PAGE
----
In May 2018, Spirit announced that they would be the first ultra-low-cost carrier to fit their aircraft with high-speed WiFi access that started in fall 2018. All of their aircraft were expected to be equipped with WiFi by summer 2019.[40]

On December 23, 2019, Spirit Airlines announced its intention to purchase 100 new Airbus A320neo family aircraft.[41]


In 2020, due to the COVID-19 pandemic, Spirit Airlines received $334 million in aid in the form of grants and loans via the Coronavirus Aid, Relief and Economic Security Act (CARES); the money was used to fund employees until September 30. In July of that same year, the company announced that it would put 20–30% of its employees on leave of absence in October.[5] In August, some pilots and flight attendants agreed to take a voluntary leave of absence or have their work schedule temporarily reduced to avoid layoffs.[42]

In July 2020, a passenger died of COVID-19 on a Spirit Airlines flight.[43] Spirit Airlines claimed it notified the Centers for Disease Control but there was no record of the contact. Passengers on the flight were not informed that they were around an infected individual.[43]

On February 7, 2022, Spirit announced its intention to be acquired by Frontier Airlines pending regulatory approval, with Frontier Airlines stock being the surviving entity.[44] The deal would make the combined airline the fifth largest airline in the U.S.[45][46] On July 27, 2022, Sprit announced that its shareholders would reject Frontier's offer.[47]

On April 5, 2022, JetBlue announced its proposal to acquire Spirit for $33 per share in cash, equivalent to $3.6 billion.[48][49] On May 2, Spirit said its board of directors has decided not to consider JetBlue's proposal. According to Spirit Airlines, JetBlue's proposed acquisition would be unlikely to be approved by the U.S. Department of Justice's Antitrust Division because it would likely believe that an ultra-low-cost carrier being purchased by a higher-fare airline would increase fares for consumers. Spirit noted that the Antitrust Division is looking into JetBlue's strategic partnership with American Airlines for the same reason.[50]

On July 28, JetBlue announced it had reached an agreement to purchase Spirit for $33.50 per share, with additional inducements for Spirit shareholders.[51] If the deal goes through, the unified company will become the fifth-largest airline based in the United States.[51]

Corporate affairs[edit]


Spirit Airlines, Inc. is a Delaware corporation[52] that is publicly traded on the New York Stock Exchange (NYSESAVE).

Business trends[edit]

The key trends for Spirit Airlines are (years ending December 31):

2014 2015 2016 2017 2018 2019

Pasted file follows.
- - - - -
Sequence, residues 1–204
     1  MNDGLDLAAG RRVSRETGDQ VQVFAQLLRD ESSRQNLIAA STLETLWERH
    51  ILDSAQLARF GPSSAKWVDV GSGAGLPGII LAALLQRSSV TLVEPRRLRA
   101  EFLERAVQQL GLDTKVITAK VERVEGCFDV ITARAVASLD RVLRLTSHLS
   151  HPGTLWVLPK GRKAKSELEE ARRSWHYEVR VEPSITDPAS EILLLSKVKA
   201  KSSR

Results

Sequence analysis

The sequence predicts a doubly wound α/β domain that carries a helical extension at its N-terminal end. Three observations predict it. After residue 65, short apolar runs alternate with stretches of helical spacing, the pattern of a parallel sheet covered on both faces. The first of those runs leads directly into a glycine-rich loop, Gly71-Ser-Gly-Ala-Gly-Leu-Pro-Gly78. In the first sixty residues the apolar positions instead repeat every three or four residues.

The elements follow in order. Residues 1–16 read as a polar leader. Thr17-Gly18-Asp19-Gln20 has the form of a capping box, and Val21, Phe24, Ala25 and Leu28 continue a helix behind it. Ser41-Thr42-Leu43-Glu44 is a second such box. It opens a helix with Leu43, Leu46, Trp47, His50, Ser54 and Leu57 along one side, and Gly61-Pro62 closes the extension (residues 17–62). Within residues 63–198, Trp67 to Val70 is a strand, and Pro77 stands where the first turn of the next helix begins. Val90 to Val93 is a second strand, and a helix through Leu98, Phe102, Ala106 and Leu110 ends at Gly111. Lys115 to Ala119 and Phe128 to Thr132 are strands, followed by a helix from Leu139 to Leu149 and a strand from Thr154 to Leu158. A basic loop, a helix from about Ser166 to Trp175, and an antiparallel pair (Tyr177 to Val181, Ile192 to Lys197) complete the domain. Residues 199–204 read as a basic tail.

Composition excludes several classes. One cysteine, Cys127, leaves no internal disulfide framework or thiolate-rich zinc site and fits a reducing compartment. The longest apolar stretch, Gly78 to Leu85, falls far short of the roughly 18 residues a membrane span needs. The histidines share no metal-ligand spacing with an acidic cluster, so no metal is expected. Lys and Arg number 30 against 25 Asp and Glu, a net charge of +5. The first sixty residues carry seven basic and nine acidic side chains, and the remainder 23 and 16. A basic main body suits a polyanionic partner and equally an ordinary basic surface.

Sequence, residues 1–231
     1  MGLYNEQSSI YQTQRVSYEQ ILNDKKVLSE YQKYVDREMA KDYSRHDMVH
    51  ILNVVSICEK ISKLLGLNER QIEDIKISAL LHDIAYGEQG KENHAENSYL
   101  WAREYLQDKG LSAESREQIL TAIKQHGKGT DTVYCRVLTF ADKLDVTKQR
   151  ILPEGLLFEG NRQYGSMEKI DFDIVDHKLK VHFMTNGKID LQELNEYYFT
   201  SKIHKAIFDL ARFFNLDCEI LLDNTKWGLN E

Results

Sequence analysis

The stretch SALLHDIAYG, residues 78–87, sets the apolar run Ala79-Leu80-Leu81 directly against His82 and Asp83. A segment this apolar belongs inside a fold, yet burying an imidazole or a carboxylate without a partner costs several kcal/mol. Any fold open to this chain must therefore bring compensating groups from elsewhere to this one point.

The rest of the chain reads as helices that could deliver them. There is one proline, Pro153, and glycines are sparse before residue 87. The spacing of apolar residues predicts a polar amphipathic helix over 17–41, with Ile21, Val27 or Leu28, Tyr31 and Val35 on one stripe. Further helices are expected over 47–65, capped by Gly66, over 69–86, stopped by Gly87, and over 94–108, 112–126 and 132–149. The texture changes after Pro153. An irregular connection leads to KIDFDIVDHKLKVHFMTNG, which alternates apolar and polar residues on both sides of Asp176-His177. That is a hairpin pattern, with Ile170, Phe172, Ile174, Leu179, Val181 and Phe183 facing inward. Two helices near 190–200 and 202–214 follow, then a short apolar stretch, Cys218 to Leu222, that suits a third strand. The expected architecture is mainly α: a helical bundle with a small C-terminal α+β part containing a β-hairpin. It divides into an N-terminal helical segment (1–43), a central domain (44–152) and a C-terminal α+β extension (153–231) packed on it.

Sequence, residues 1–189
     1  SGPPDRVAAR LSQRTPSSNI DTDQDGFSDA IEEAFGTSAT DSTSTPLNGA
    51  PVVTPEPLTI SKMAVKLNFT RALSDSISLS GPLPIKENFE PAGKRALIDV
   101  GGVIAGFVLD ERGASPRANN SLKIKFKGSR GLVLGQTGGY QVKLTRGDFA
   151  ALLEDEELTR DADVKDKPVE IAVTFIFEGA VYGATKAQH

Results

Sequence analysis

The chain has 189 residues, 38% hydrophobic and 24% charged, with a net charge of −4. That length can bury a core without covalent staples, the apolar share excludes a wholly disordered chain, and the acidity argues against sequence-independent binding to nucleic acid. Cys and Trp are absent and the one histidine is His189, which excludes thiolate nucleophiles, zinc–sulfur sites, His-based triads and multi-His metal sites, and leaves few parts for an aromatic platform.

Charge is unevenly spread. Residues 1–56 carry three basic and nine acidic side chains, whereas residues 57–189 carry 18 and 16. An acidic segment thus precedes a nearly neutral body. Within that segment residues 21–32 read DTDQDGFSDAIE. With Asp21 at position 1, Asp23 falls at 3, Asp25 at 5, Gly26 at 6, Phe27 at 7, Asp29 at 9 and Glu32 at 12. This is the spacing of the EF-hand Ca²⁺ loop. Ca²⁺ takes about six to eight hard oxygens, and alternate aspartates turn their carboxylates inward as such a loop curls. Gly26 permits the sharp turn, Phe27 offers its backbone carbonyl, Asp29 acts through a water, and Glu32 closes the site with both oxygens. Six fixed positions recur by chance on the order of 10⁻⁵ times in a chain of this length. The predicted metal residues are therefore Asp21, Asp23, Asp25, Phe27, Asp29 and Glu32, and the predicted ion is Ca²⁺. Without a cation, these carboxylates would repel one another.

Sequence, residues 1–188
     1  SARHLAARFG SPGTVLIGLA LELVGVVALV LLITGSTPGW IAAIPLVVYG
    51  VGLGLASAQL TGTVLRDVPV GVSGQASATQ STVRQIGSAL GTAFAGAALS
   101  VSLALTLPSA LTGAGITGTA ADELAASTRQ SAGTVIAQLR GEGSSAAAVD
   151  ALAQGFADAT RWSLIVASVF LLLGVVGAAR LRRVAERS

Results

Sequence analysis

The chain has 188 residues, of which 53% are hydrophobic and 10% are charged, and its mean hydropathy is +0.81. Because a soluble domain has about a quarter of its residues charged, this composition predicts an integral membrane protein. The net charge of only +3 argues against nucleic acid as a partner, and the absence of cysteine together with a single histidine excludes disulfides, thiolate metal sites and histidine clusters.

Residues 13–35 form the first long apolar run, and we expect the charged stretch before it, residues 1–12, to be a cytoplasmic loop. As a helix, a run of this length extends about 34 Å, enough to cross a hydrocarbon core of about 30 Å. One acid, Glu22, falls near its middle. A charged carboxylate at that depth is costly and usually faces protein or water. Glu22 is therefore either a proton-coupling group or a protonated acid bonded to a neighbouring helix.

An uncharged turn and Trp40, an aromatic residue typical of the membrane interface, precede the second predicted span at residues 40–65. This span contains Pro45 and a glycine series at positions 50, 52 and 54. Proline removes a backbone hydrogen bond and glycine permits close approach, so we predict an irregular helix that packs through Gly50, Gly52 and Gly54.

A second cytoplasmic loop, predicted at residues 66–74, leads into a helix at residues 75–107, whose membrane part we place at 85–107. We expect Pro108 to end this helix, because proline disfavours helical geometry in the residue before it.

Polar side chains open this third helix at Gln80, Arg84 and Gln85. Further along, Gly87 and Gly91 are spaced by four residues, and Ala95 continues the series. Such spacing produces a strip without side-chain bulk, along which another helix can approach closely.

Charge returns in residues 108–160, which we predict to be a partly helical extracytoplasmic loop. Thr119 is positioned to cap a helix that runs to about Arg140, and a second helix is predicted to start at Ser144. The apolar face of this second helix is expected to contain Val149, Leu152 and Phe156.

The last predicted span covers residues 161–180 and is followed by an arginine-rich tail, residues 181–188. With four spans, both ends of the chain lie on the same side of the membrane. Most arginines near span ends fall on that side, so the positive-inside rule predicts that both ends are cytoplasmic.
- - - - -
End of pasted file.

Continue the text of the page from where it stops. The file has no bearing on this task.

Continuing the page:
Turnover ($m) 1,932 2,141 2,320 2,644 3,323 3,831
Net profit after tax ($m) 225 317 263 416 156 335
Number of employees (average FTE) 3,722 4,326 5,159 6,100 7,110 8,077
Number of passengers ('flight segments')(m) 14.3 17.9 21.6 24.2 29.3 34.5
Passenger load factor (%) 86.7 84.7 84.7 83.1 83.9 84.4
Number of aircraft (at year end) 65 79 95 112 128 145
Notes/sources [52][53] [52][54] [52][54] [52] [52] [55]


Spirit has its headquarters at 2800 Executive Way, Miramar, Florida,[52] having moved there from its previous Eastpointe location in 1999. As of 2016 there were 600 located in the office. Chris Sloan of Airways Magazine stated that the building was "nondescript low slung".[56] Sloan added that the interior, prior to a 2014 renovation, was, "To put it charitably, [...] a dump", but that employees felt ownership over the office.[56]

In 2019 the airline announced that it would move to a new headquarters of up to 500,000-square-foot (46,000 m2) in the Dania Pointe development in Dania Beach, Florida, spending $250 million. The airline anticipates that it will house 1,000 employees.[57]

Business model[edit]

Under CEO Ben Baldanza, Spirit began a transition to an ultra-low-cost carrier, following a fare model involving charging for amenities that are often included in the base ticket price of traditional carriers. Passengers who wanted to customize their itinerary or seat selection paid an add-on fee for each additional feature, which enabled the carrier to earn ancillary revenue in excess of 40% of total revenue.[58] These included having an agent print a boarding pass at check-in versus doing it online or at a kiosk,[59] for any large carry-on or checked bags, progressive fees for overweight bags, selected seat assignments, travel insurance, and more.[60]